Moss Adams Voices

Joan Taylor: Breaking the Gender Bias

To celebrate Women’s History Month, Joan discusses gender bias and her work with the Forum W’s consulting chapter.

Joan Taylor

Joan Taylor, consulting senior manager, joined Moss Adams in January 2014. She left her previous firm to better accommodate her schedule as a working mother of two children. Throughout her career, she’s navigated the barriers of being an Asian woman in a corporate culture—she’s personally suffered many microaggressions in the process. Over the years, she’s maintained her passion for breaking the gender bias; it’s one of the reasons she stepped up to co-lead the consulting region’s chapter of Forum W. During Women’s History Month, Joan talks about #BreakTheBias—this year’s theme—while encouraging all at the firm to confront the barriers that women face while fighting to succeed in their careers.

What excites you about the new chapter of the Forum W BRG?

The consulting region operates differently than other regions. We were already in a virtual office before the pandemic, and we don’t have traditional busy seasons like the assurance or tax folks. How we use our time is more ambiguous, and sometimes our needs are different. We created the consulting chapter of Forum W to address the nuances of the region.

Forum W is important because there are still many women in our region who are unsure how to successfully navigate a career as a consultant and daily life. I have peers who have told me that becoming a partner seems far out of reach because they don’t see much representation of women. We want to be able to break through those perceived barriers. We want the women in our region to feel supported—our chapter will encourage and empower women, and address any of those barriers.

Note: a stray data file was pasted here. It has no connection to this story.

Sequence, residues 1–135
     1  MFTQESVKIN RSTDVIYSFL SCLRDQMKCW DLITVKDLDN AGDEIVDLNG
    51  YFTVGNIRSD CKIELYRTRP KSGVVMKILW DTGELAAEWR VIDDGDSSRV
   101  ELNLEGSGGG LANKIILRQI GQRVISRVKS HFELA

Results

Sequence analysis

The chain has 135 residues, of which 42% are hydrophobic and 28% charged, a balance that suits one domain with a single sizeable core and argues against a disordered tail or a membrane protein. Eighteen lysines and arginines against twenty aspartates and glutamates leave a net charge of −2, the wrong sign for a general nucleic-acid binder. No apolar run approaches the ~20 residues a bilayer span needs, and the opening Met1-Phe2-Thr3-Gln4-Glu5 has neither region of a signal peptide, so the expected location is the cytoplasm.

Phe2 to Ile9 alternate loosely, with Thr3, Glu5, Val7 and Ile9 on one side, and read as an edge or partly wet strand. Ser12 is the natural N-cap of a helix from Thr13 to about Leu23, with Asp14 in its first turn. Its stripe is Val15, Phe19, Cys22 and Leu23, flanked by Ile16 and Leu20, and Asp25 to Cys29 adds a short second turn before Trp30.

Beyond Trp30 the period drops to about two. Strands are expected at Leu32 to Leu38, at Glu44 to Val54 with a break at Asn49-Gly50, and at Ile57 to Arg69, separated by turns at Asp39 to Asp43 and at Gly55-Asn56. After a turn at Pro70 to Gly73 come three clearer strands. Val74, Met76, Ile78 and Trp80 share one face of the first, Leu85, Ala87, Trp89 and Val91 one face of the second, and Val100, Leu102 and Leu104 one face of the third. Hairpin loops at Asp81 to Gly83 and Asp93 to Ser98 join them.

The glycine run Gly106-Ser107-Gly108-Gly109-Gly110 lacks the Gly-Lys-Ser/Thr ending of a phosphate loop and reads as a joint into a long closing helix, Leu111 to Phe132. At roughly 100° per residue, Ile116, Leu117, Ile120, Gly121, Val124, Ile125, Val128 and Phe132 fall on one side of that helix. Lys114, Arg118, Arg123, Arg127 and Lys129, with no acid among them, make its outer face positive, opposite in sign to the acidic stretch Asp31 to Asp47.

Can you speak to some of the barriers for women professionals?

When we look at the trends in corporate America, approximately 47% of professionals at the entry level are women. As we move to the executive or C-suite level, that percentage of women professionals drops to approximately 20%—and an even lower number for women of color. At Moss Adams, recent reports show women make up half the staff level, but only 26% of partners are women.

Essentially, women in our region are wondering why there isn’t better representation. With those numbers, women can perceive that it’s a challenge to be a woman executive or partner. What does that mean for their progress? How do they move up at the firm? Why do they feel like they’re competing against male peers? Answers to these questions became an important conversation for me. It’s why I’m involved in leadership of two BRGs right now—a chapter of Forum W and the Asian BRG. I’ve heard before from colleagues that being a woman and a minority means I have less chance to become a partner. Just the fact that some folks think that should prompt change. We have to change the way we’re doing things to better address gender bias.

Joan Taylor

Have you experienced gender bias?

I’ve experienced racial and gender bias in my personal and professional life. Sometimes it’s subtle—I’ve walked into client meetings as the senior team member and everyone looked to my junior male colleague to lead the meeting, or they were surprised when he deferred to me to answer questions.